"Treasury's Paulson: Super Hank To the Rescue?"
For those who know Paulson primarily as Secretary of the Treasury, his request for a blank check from Congress with which to bailout financial firms appears to be the Herculean act of a masterful financier operating at the height of his powers.
Truly, Paulson’s latest has all the hallmarks of a masterpiece. It is his 9th Symphony, his King Lear: the final act in a long and illustrious career spanning four decades at the top of business and politics.
However, for anyone familiar with the details of Paulson’s past, this latest episode is just another chapter in a life rife with cronyism, corruption, centralism, and “above the law” thinking. It is indeed a masterpiece, much in the same way that the atom bomb is a masterpiece—a horrific creation whose damage is irreparable. But before we go into the details of Paulson’s latest and greatest, let’s take a trip down memory lane.
Paulson’s flirtation with the idea that governments can do whatever they please began when he was in his 30s working as assistant to John Erlichman, the chief architect of the Watergate Scandal. Having gotten a taste of politics, Paulson then shifted into the private sector where he learned the art of making a deal while someone else picks up the tab at Goldman Sachs.
Investment banking as an industry runs almost completely contrary to wealth creation since it thrives on fees rather that capital appreciation. It’s one of the few industries on the planet in which you can get rich by creating debt for others to pay off. Paulson excelled in this environment working his way up to Goldman CEO in 1999. By the time he retired in 2006 he was worth well north of $600 million.
However, it was during his reign as Secretary of the Treasury that Paulson truly achieved greatness. His ability to say one thing and mean another was invaluable when it was time to convince Americans that the dollar was strong while simultaneously persuading Asians—mainly China and Japan—to fund the US’s lavish lifestyle. Under Paulson’s tenure the dollar lost 16% of its value. That’s quite an accomplishment for someone who’s only been on the job for two years. But then again, Hammer Hank did have help from his buddy Bailout Ben when it came to the dollar’s destruction.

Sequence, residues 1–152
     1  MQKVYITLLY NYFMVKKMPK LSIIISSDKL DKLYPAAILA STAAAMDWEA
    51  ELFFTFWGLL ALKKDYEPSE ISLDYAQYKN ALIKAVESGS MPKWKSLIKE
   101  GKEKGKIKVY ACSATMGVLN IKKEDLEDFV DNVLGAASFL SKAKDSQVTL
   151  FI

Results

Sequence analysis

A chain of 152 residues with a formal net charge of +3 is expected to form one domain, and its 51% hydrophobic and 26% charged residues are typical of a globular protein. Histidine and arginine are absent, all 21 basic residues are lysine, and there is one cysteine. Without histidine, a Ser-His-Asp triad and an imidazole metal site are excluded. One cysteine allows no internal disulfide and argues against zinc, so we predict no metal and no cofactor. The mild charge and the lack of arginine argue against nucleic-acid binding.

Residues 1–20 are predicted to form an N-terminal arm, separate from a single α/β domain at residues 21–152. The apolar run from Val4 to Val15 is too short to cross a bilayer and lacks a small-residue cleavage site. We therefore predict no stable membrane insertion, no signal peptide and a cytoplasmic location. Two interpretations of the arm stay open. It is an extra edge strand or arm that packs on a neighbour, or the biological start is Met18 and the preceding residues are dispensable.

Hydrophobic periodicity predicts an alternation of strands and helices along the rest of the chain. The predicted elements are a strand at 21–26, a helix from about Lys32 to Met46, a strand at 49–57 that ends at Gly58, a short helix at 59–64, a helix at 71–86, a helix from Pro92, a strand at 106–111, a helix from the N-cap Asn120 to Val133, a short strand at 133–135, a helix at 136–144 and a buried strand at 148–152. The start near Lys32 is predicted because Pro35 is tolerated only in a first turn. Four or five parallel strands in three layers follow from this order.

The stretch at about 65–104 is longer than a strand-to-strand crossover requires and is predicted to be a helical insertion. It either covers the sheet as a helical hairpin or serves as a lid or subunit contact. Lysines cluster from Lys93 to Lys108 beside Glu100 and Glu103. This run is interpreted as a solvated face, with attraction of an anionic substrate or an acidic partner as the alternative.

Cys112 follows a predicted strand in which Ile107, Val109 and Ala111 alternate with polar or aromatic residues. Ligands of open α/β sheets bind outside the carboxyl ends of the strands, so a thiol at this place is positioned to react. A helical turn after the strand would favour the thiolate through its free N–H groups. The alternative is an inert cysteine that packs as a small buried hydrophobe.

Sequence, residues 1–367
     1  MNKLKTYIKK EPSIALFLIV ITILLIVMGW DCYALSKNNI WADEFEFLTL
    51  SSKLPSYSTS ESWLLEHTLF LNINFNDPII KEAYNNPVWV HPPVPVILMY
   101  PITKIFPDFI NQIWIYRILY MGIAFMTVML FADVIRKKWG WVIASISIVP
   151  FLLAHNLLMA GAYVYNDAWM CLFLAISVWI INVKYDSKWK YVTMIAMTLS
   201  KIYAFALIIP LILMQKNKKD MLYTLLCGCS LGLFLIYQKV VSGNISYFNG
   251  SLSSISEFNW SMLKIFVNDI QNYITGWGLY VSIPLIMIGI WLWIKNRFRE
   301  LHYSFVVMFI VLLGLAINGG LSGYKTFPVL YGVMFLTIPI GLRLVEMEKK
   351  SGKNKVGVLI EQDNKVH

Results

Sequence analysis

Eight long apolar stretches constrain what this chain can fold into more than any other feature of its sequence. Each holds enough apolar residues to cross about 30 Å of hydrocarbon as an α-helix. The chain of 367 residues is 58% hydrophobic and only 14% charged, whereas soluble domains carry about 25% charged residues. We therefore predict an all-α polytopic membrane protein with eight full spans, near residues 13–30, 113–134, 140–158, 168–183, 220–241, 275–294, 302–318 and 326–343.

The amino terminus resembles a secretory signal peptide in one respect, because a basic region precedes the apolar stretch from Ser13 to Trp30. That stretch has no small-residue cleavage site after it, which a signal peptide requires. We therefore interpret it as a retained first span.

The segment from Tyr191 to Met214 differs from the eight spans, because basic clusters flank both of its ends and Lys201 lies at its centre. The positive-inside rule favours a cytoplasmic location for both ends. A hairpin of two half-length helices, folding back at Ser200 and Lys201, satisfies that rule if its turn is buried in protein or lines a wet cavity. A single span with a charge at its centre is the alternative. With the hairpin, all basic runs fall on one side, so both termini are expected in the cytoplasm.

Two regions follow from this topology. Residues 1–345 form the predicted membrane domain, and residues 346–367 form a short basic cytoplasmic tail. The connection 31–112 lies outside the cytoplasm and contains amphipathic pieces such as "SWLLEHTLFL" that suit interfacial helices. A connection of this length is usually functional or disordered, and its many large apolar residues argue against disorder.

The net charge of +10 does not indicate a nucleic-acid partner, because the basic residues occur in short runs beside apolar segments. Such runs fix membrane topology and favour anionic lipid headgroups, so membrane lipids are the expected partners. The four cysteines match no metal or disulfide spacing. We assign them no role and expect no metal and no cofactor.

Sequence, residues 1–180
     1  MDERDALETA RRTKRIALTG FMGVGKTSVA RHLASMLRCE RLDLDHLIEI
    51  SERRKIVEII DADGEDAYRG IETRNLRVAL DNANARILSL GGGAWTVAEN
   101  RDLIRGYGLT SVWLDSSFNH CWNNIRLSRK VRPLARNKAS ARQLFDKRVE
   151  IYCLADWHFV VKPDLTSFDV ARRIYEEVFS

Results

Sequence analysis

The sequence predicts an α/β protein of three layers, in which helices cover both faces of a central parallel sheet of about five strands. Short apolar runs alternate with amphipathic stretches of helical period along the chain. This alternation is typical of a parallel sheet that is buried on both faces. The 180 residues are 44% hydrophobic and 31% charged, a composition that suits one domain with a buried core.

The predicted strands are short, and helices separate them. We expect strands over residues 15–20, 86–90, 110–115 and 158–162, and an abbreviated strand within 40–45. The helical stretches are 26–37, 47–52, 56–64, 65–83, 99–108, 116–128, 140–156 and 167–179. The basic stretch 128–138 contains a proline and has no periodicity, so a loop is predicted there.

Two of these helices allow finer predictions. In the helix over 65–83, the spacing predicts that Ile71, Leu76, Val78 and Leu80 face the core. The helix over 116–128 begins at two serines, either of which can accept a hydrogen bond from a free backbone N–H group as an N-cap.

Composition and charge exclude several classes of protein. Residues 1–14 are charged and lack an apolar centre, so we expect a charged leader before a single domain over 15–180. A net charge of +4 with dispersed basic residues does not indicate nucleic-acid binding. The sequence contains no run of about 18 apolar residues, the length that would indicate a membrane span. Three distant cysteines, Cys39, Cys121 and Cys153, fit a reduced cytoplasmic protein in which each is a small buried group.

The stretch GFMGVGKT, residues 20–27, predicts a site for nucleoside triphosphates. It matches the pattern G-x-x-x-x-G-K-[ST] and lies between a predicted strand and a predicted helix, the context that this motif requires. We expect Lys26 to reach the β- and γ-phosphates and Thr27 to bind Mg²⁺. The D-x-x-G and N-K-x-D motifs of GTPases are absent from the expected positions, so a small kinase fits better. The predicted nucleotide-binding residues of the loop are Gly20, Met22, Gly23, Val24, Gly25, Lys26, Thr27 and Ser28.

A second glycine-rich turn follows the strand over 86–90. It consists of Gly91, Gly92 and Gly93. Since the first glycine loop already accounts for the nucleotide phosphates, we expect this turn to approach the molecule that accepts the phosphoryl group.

So to see Paulson approach Congress to ask for a blank check to aid his Wall Street buddies—including Fannie Mae (FNM) which was previously run by James Johnson, the guy who decided Paulson’s compensation at Goldman Sachs—is to see a man combining all of his talents—dealmaking at other’s expense, cronyism, and putting oneself above the law—in the deal of the century. The fact that he wants you and I to bankroll it is just the icing on the cake.
Setting aside the fact that a blank check would mean massive amounts of monetary stimulus in an already highly inflationary environment, it’s not clear to me how the US could even pick up the tab for Fannie Mae and Freddie Mac’s (FRE) $5 trillion mortgage portfolio, let alone the $170+ trillion worth of derivatives sitting on other financial institutions’ balance sheets. This would essentially render the US insolvent. Small wonder that investors have been betting on the US defaulting on its debt in record numbers.
The SEC and federal regulators already gave financial firms a blank check. And they did it more than a decade ago when they decided to ignore the explosive growth of structured investment vehicles, over the counter derivatives, and other financial instruments. Assuming Wall Street and financial firms can regulate themselves during a credit bubble is like assuming frat boys will drink responsibly when there’s an unlimited supply of booze.
Now that Wall Street is trying to cash that blank check, we’re watching the entire financial system teeter on the brink of a fullscale meltdown. And Hank Paulson’s solution is to write another blank check, this time to the mortgage lenders who threw lending standards out the window and created the biggest housing bubble in the history of this country!?!?
Someone get the kryptonite quick, Super Hank’s out of control."
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